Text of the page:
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DIY Outdoor Sofa? Here's how...

Check out this interesting idea from Michele Beschen over at DIY Network. Thanks, Michele!:

DIY Outdoor Sofa? Here's how...

Mother Nature reaches out to us during the summer months with warm, sunny days and a lush landscape, so it's only natural that we look outdoors to expand our living space at this time of year.

And when it comes to creating outdoor spaces, the sky's the limit. Setting up and furnishing an outdoor room gives you the perfect opportunity to use your imagination and be a bit more daring and playful than you are indoors.

Seize the opportunity by having a go at creating your own outdoor furnishings. One material that I find to be especially easy to work with, durable and the perfect foundation for a sturdy piece of outdoor furniture is concrete block.

Blocks are readily available at home improvement stores, they're inexpensive, and their only drawback is that they're a bit heavy.

The most common type weighs about 40 pounds. You might also be able to find the true "cinder block," which weighs less because the aggregate used is granulated coal or volcanic cinder instead of sand and gravel.

If you're up to the workout, these blocks can be configured in a many ways to create sofas, chairs, end tables, ottomans and more!

You can get the blocks in a few different sizes. To build the sofas, chairs and side tables, I use primarily three styles of block: Full blocks with a raw end, full blocks that have a finished end, and half blocks.

Here are the instructions to create your very own concrete sofa:

Choose the location. (This is very important, because you won't be able to move it very easily once its' built and secured together with adhesive.)

Make sure that you set it up on a level surface.

Materials:

25 full blocks with a rough end (plain block)
14 full blocks with a finished end, (square corner)
8 half blocks
landscape block adhesive or mortar mix

Steps:


  1. The base of the sofa will be four full blocks wide, four blocks deep and two blocks high. Position the blocks to create the front row of the base.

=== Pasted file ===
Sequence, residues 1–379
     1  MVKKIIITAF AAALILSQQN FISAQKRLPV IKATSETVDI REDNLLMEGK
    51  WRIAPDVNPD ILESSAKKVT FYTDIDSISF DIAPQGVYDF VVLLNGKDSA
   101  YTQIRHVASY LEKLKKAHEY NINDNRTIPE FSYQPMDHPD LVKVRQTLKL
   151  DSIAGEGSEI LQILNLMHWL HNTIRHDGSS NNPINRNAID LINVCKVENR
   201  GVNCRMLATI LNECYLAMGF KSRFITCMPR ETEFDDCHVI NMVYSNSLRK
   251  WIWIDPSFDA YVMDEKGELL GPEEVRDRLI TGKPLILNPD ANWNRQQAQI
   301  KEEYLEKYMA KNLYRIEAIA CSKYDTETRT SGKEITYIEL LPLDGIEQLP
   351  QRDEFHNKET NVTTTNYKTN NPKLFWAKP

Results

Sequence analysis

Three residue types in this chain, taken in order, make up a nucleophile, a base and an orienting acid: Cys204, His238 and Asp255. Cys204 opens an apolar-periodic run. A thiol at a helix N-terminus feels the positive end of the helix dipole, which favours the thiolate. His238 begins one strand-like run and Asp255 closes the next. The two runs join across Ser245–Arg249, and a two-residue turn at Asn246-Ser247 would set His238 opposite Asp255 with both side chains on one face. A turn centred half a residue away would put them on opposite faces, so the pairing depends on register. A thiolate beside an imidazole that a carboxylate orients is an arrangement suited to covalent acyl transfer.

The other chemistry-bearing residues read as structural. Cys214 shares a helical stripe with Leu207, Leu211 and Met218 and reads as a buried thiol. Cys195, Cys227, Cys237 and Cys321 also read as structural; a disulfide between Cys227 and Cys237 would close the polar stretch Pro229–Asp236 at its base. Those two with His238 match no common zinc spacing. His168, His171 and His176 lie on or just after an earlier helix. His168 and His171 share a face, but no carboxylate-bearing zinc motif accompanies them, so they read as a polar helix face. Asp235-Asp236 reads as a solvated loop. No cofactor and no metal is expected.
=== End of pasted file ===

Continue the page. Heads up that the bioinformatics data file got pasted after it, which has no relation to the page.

2. Start with two full raw blocks placed end-to-end, holes facing up, then add a full finished block to either end.
  3. Butt all blocks together securely as you go. Create the next row, staggering all joints and using half blocks to fill in the ends.
  4. Continue the base, making sure you have your finished ends facing out around the edge.
  5. Build the next level, staggering the joints and positioning the holes out this time.

    You can use landscape adhesive to secure the base further if you like.

    It is not necessary to use adhesive between every block, especially on the base. The most important place for the adhesive is on the arms and the back, because that is where people will be leaning and putting pressure.

  6. Complete your sofa by adding arms and a back.

    The back of the sofa will be two rows high and one row deep.

  7. Use landscape adhesive to secure the back to the base.
  8. Position the holes facing up on the back and arms to give you built in places to store things.
  9. Dress it up with cushions or throws, and add some plants and other decorations. You can give it color by using concrete paints or stains.
  10. Then, sit back, put your feet up and relax in your newly created sofa, guaranteed to last a lifetime!
 

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Kat L on Dec 30, 2014:

You could plasti-dip the rouch edges to add some comfort and splashes of color. I love this idea.


Anonymous on May 13, 2009:

You've got to be kidding!


megrockstar on Aug 19, 2007:

creative but hideous and uncomfy

lol 


Chris Gardner on Aug 09, 2007:

We did this for some funny photos while on a Central American service trip, complete with a brick remote.

It was terrifically uncomfortable, in both texture and angles. 


Caya123 on Aug 09, 2007:

Very very clever!! I love it! But wouldn't one scractch their legs to death & tear their clothes on the rough exposed edges of the concrete? Also, I think the concrete would retain & release moisture, wouldn't it? That afghan might get very moldy & funky-smelling over time, I think. I still love this though, it's so clever!


anjelicat on Aug 08, 2007:

I'm not sure how easily I could "relax" on that thing, although I must admit it's pretty creative.


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